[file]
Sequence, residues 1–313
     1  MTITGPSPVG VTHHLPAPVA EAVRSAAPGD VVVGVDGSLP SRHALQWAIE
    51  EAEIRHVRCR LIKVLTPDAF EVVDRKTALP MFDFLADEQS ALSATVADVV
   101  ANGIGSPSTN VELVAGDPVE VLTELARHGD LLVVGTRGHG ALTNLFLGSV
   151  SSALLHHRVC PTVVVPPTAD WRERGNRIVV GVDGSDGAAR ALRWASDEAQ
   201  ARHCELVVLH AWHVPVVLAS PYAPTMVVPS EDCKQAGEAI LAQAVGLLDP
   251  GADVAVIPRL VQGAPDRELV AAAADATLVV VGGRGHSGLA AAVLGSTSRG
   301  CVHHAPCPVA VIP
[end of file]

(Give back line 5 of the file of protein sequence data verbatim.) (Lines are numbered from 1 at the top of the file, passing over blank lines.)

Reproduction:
   151  SSALLHHRVC PTVVVPPTAD WRERGNRIVV GVDGSDGAAR ALRWASDEAQ